Global Public Goods for Health - A reading companion
The Global Public Goods for Health reading companion is designed as a nine sessions distance learning module.
If you are new to these issues, we recommend that you view the sessions in numerical order.
However, each session also stands alone.
Further reading for each session is also available.
1. Global Public Goods and Health: concepts and issues
David Woodward, Richard D Smith
The aim of this session is to outline briefly the conceptual foundation of the GPG concept, how this concept may apply to health and health care, and highlight the economic and political dimensions important in securing the provision of Global Public Goods for Health.
2. Polio Eradication
Bruce Aylward, Arnab Acharya, Sarah England, Mary Agocs, Jennifer Linkins
After 15 years of programme implementation the Global Polio Eradication Initiative (GPEI) is unique in offering the most well developed instance of a GPGH in practice. As such it provides substantial experience from which lessons may be drawn to facilitate the production of other possible GPGH. This session therefore considers the politics, practicalities and economics of producing the GPEI, summarizing lessons learnt.
3. Tuberculosis control
Jim Yong Kim, Aaron Shakow, Arachu Castro, Chris Vande, Paul Farmer
This session introduces TB as an infectious disease, describing the most common signs and symptoms affecting sick patients, outlines the social and economic consequences of widespread infection, especially among the poor, details the global response to the epidemic, highlighting the notable success of the WHO recommended strategy for TB control (DOTS), presents the argument for TB control as a global public good, describes the political and economic barriers to effective global TB control and discusses strategies for achieving the elimination of TB.
4. Antimicrobial drug resistance
Richard D Smith, Johanna Coast
This session applies the 'Global Public Goods for Health' concept to the problem of AMR, and to strategies to contain AMR. It describes AMR, its conceptualisation within economics, whether containment of AMR per se is a GPGH, and/or whether strategies to contain AMR are themselves GPGH, the role international bodies may play in ensuring the provision and finance of AMR containment measures, and the usefulness of the GPGH concept when considering AMR, and suggests future research priorities
5. Genomic knowledge
Halla Thorsteinsdóttir, Abdallah S Daar, Richard D Smith, Peter A Singer
This session considers the value of the GPGH concept to the analysis of the global generation, dissemination and utilisation of genomics knowledge, and describes briefly what genomics is, and its applications, outlines the potential costs and benefits of genomics, considers the GPG elements of genomics, outlines strategies for promoting and financing the production of genomics knowledge, and concluding with a discussion of the value of the global public goods concept for the development of genomics.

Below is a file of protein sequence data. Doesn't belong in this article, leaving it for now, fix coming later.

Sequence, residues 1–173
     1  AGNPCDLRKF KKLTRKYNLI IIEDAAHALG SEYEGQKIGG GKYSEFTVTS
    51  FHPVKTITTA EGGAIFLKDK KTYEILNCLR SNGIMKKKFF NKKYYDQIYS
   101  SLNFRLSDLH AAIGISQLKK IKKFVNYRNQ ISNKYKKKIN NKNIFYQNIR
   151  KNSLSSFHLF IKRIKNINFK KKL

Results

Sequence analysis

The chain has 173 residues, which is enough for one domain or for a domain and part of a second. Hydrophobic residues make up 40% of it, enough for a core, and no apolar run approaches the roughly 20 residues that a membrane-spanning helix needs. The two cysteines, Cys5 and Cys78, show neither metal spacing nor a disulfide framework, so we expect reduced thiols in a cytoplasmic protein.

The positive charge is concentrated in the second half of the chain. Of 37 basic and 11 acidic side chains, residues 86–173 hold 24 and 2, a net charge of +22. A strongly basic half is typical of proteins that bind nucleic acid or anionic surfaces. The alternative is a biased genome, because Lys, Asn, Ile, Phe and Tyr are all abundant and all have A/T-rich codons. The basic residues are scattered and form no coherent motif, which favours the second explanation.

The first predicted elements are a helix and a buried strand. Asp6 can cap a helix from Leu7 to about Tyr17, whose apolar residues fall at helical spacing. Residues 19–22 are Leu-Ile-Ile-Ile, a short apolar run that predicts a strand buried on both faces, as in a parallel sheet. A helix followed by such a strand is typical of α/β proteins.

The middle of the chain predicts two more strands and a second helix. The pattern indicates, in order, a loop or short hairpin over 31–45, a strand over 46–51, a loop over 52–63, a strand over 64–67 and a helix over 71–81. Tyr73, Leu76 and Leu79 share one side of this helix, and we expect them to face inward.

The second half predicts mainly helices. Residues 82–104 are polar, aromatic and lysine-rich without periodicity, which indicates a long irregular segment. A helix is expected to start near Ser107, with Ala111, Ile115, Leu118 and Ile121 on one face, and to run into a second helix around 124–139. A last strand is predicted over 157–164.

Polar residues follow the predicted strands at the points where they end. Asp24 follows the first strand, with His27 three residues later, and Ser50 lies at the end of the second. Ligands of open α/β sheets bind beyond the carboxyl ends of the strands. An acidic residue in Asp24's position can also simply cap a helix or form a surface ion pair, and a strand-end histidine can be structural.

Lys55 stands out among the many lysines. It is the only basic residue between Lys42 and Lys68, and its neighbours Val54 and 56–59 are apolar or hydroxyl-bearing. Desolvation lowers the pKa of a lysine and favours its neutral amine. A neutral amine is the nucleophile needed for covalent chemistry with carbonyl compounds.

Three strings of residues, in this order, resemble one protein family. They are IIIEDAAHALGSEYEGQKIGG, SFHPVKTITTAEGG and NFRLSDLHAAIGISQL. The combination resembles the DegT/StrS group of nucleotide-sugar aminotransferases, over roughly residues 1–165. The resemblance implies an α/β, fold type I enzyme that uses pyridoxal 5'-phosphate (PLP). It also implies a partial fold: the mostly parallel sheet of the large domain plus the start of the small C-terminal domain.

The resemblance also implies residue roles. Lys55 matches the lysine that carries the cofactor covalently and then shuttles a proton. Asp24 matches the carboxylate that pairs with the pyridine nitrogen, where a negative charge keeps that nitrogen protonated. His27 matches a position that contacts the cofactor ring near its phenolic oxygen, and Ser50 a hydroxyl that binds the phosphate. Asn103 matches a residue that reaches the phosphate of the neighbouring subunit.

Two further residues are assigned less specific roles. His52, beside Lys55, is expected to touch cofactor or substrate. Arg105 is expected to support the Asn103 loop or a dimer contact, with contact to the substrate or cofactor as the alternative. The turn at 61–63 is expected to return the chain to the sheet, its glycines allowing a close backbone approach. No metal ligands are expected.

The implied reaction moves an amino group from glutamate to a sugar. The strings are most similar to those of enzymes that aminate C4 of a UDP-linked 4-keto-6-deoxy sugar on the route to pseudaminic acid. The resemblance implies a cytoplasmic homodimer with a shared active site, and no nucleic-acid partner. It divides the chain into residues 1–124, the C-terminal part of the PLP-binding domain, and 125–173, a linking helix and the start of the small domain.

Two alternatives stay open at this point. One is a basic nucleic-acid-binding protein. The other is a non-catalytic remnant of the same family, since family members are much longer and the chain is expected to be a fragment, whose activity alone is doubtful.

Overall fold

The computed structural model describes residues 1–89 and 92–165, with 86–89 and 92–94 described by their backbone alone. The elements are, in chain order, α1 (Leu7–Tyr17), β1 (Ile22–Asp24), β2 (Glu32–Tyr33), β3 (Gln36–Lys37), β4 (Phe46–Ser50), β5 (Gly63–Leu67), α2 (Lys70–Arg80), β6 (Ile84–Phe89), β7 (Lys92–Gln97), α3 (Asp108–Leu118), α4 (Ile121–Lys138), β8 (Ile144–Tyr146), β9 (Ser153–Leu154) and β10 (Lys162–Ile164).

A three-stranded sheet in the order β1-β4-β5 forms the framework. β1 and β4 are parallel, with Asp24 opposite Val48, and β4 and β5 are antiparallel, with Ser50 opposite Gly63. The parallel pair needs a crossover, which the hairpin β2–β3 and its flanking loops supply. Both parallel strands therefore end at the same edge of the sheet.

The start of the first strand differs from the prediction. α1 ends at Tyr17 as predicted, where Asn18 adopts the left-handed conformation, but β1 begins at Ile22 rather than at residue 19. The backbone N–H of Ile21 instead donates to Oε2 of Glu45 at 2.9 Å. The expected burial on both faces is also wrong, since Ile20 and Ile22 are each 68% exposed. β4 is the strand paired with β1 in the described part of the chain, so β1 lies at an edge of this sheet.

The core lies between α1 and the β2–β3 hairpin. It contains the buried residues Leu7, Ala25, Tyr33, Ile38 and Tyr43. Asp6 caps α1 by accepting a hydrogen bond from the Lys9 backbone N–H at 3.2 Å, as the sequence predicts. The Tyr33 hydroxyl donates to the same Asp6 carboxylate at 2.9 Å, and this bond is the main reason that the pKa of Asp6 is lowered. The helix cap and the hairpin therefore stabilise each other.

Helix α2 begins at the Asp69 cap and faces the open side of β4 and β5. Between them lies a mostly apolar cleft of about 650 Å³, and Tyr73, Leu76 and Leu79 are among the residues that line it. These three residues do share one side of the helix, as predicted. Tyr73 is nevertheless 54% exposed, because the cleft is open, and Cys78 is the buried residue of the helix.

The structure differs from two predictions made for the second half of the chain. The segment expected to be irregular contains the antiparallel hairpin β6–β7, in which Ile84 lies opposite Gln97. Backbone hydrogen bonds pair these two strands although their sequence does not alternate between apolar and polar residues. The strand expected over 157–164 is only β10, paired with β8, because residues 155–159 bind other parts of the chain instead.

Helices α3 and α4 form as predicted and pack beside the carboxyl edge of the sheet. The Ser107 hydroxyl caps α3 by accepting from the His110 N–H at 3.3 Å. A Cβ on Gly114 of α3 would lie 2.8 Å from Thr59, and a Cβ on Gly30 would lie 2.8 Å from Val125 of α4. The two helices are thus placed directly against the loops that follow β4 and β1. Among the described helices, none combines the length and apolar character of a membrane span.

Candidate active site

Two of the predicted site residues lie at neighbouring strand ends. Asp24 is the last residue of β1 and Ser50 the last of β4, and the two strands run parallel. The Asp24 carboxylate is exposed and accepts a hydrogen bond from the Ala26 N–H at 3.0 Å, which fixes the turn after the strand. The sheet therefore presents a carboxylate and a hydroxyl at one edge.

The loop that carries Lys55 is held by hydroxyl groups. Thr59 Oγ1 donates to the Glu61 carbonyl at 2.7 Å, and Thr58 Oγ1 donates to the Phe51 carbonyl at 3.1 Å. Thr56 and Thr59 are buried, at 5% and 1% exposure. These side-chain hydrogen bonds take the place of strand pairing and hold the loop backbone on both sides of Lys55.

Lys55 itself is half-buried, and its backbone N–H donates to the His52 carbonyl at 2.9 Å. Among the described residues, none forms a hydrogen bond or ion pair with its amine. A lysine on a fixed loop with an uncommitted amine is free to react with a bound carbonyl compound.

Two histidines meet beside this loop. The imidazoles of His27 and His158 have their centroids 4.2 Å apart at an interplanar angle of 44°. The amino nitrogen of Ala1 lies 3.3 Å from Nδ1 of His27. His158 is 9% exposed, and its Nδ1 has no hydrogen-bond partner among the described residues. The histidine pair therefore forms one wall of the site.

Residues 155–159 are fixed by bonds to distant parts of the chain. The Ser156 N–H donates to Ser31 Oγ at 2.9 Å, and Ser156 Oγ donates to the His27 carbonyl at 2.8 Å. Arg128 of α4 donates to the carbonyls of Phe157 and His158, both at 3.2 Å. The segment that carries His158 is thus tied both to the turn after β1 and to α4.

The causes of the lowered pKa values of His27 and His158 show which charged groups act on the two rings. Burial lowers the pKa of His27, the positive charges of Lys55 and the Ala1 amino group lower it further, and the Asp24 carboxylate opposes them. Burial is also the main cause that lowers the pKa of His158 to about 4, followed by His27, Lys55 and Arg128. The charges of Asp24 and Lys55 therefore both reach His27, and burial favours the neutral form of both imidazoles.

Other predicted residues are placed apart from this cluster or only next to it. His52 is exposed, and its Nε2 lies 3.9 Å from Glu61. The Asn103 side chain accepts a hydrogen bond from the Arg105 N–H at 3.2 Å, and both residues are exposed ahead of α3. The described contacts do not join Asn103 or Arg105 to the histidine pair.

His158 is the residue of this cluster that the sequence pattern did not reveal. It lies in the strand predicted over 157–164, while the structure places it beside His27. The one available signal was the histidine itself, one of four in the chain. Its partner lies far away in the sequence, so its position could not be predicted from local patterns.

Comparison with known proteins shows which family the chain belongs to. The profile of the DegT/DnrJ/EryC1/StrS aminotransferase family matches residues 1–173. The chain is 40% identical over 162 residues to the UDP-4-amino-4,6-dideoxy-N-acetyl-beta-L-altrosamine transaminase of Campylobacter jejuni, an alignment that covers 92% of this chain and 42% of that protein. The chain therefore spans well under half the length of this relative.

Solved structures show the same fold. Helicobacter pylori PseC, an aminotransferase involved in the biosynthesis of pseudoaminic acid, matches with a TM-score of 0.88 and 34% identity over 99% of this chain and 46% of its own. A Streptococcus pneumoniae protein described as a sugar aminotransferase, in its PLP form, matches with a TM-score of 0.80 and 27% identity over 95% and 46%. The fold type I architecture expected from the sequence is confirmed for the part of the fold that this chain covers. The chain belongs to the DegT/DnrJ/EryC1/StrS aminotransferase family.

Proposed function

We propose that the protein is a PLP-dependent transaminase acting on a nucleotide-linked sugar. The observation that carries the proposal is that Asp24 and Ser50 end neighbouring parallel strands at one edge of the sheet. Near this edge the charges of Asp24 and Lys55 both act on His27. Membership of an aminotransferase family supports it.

6. Public health infrastructure and knowledge
John Powles, Flavio Comim
The purpose of this session is to examine the extent to which these infrastructures may usefully be seen as either global public goods for health (GPGH) in themselves, or, more indirectly, as 'access goods', which serve to support other GPGH. The session considers the concept of public health infrastructures and notes, in particular, the extent to which such infrastructures tend to be embedded in other social structures, public health infrastructures through the lens of economics, and considers the extent to which they may appropriately and usefully be viewed as (global) public goods, as intermediate goods or as access goods, the action that might be taken to consolidate and build public health infrastructures, and notes the fundamental role played in such endeavours by the creation and transmission of knowledge, and concludes with an assessment of the usefulness of the GPGH concept.
7. International Law
David P Fidler
This session focuses on international law as a tool in the production of GPGH, describing the importance of international law and its practical and normative elements, the various actors that are the subjects of international law, the main sources of international law, the use of international law in the production of GPGH, a number of limitations in the use of international law in this context, and the key issues in the application of international law to GPGH production.
8. International health regulations and epidemic control
This session considers the role of the IHR in co-ordinating international action to control the spread of epidemics from one country to the next from the GPGH perspective. The ubiquitous freedom from epidemics is the final GPGH and that surveillance and control mechanisms to achieve this constitute an intermediate GPGH. Thus, the legislation and administrative structures to support this, including the IHR, may be seen as an enabling GPGH.
9. GPGH: use and limitations
Richard D Smith, David Woodward
This session draws together the main messages and lessons that arise from these other sessions, in order to draw some conclusions concerning the usefulness and limitations of the GPG concept in the context of health, and consider the next step for the GPG concept in health. It considers the primary importance of correctly identifying a global public good for health, aspects of the 'production' of a GPGH, the importance of knowledge, international legislation and access goods in securing a GPGH, the means by which the costs and benefits of GPGH may be assessed, the relationship between GPGH and wider issues of human rights and equity, the relationship between GPGH and non-health GPGs, funding of GPGH and the applicability and usefulness of the GPG concept in health.